joy and listening


For where your treasure is, there your heart will be also. Matthew 6:21

To begin our entrepreneurial quest, the guides invited parent Mike Kalis to give a hero talk about marketing.  After an afternoon of selling bananas, building houses for special clients out of marshmallows and spaghetti as well as developing tools to convince parents about buying a pet, Mike reflected this with me out loud. “If they could walk away with two things I’d want them to think that business is joyful and it’s important to listen to people.”

The heroes found Mike persuasive as they built with joy and listened intently.

In the middle of the afternoon, Mike told the heroes, “You heard what Dr. T wants in a house.  He wants a huge dining room to have big dinner parties. He wants a porch for sitting.  And he threw in a request for a zip line and game room for his grandchildren.” You’ve got ten minutes to design it with the materials you’ve been given.” I was eventually persuaded by Carter’s group who came up with an innovative zip line and a multipurpose dining area.  They heard my heart’s value of innovation and multi-tasking.

Even with all of this collaboration, the vast majority of heroes are developing individual products for the Children’s Business Fair.  Conversations around slingshots, lemonade bombs, doll clothes, pillows and placemats have resounded during the week.  They have been bringing their initial plans and elevator pitches to colleague-heroes for feedback.

It’s this blend of personalized projects with social engagement that creates the dynamic flow of Journey Academy’s day.  The joy and the listening are at the heart of our endeavor.  And they will continue to accompany us for the rest of our journeys.

//Dr. T//


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“Suppose one of you has a hundred sheep and loses one of them. Doesn’t he leave the ninety-nine in the open country and go after the lost sheep until he finds it?  And when he finds it, he joyfully puts it on his shoulders and goes home. Then he calls his friends and neighbors together and says, ‘Rejoice with me; I have found my lost sheep.’  (Luke 15:4-6)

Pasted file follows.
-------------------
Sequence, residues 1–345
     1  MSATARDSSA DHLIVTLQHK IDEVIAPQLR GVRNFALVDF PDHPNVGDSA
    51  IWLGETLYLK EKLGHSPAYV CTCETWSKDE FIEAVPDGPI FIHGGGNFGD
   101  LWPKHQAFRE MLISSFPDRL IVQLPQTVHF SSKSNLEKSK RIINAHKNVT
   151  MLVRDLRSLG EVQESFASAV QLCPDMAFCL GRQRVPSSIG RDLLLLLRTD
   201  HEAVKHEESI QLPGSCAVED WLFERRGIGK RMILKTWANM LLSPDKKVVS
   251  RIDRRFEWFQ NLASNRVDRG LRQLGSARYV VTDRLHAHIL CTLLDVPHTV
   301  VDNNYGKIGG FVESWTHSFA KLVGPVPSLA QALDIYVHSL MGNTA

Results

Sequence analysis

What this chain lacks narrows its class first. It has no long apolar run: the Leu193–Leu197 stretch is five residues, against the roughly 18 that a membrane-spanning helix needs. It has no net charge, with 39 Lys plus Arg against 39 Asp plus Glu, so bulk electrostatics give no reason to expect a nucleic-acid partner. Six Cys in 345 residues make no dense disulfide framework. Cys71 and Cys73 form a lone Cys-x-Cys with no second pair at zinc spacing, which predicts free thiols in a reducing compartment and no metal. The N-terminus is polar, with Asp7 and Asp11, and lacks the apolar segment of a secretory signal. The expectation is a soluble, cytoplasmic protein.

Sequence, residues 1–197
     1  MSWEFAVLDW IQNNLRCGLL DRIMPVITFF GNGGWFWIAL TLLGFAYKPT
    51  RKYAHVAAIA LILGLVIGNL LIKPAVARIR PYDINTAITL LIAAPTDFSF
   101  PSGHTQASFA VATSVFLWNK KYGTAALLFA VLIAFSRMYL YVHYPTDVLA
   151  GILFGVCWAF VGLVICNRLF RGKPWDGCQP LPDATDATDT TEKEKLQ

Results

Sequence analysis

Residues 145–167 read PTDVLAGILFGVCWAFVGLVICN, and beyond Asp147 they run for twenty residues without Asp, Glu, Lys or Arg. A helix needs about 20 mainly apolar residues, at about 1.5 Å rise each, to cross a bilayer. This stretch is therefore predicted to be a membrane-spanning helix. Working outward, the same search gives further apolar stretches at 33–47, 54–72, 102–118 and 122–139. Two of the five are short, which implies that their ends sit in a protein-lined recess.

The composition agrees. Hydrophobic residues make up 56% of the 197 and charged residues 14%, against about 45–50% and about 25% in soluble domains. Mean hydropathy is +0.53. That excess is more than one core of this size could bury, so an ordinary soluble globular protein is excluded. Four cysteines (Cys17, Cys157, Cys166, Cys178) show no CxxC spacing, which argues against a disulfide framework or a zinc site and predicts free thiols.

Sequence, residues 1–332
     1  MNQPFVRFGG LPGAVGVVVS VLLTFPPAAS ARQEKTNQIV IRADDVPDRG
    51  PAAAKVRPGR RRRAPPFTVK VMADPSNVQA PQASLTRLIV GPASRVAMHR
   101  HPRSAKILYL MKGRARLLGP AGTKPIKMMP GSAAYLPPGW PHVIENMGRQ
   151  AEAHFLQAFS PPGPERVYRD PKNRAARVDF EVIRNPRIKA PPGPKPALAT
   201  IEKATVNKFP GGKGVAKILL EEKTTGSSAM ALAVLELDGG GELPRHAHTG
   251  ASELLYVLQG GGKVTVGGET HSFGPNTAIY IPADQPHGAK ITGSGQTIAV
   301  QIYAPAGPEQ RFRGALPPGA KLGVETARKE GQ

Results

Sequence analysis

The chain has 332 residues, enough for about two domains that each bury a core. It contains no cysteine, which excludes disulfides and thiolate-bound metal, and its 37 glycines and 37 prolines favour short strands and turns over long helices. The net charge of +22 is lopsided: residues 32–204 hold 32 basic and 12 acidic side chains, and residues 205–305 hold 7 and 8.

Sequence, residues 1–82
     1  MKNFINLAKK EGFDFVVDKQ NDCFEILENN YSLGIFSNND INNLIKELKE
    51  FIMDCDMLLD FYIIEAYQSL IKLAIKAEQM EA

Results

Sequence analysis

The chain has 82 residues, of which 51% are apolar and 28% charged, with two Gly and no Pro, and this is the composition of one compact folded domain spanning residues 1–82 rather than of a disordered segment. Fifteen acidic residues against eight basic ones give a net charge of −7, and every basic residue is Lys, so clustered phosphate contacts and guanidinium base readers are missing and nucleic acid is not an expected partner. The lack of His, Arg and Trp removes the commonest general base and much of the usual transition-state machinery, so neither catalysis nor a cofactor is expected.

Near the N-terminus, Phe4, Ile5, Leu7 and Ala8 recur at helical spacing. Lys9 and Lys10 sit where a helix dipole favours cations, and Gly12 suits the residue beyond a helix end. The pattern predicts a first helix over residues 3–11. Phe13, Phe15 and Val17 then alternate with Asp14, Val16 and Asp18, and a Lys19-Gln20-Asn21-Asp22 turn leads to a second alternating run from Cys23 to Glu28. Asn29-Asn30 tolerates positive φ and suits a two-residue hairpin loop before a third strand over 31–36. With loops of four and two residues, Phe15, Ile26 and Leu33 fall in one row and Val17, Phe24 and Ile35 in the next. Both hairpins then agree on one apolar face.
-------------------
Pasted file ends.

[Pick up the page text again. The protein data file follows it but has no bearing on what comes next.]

Finding continues to be a theme in our session as well as our Forensics Quest. Heroes are discovering core skills like writing and entrepreneurial planning that they have developed.

During collaborative core skills, Carter and Elias developed a brochure for Carter’s business called Carter’s Craft Store. They are looking to custom design wood products like shelving, picture frames, plant holders, coat hangers and desks.  I’ve decided to purchase a picture frame for my Hero’s Journey print.  If any other readers are interested, I can serve as a communication conduit to Carter’s Craft Store. 

“I don’t want to eat lunch.  I just want to read.” Liviet has been working hard, meeting her goals in Core Skills and declared this as I was walking by.  Apparently, she’s found the draw to the word more enticing than her lunch (at least on that day).

The finding seems to extend to our Kingdom Time sessions.  On Monday as we reflected on the passage from Luke, the heroes talked about what might lead a shepherd to leave ninety nine sheep to find the one.  As they talked about the value that that sheep must have, we linked it back to the value that God must have for us discussing what the hug must feel like from the Father who finds you. As we transitioned to Core Skills, Ella pulled me aside and said, “While we were talking about hugs from God, I could actually feeling Him hugging me. And He’s Still Hugging Me!” In the swirl (and yes occasional chaos) of heroes driving their learning, these moments of discovery are the moments of rejoicing like the shepherd describes.

And these discoveries, thanks to our model, often have a firm grounding in real world learning.  This Thursday Deputy Omar returned as a consultant for our Forensics Quest to hear about the evidence that heroes are analyzing and to hear their tentative theories about what happened.  In a real world way, he asked clarifying questions based in his professional expertise. Looking back over the week, the skills they are developing equip them to step into a host of learning settings.

  • Phone interviews/etiquette
  • Scientific method
  • Careful observation
  • Problem solving through deductive reasoning
  • Reading body language
  • Creating reports based on their key conclusions

Included in this learning is an exposure to Forensics Vocabulary from Deputy Omar and his Crime Scene Unit including: Implicate, Search warrant, Privacy rights, GPS , Proof, Evidence, Latent prints, Fibers, Burglar, Point of entry, Point of exit, Disturbance, Alibi, Eliminate, Red herring, Whorls, Swirls and Deltas.

We Rejoice at all of this Finding and we invite you to join us.

May He Lift us up on His Shoulders.

//Dr. T//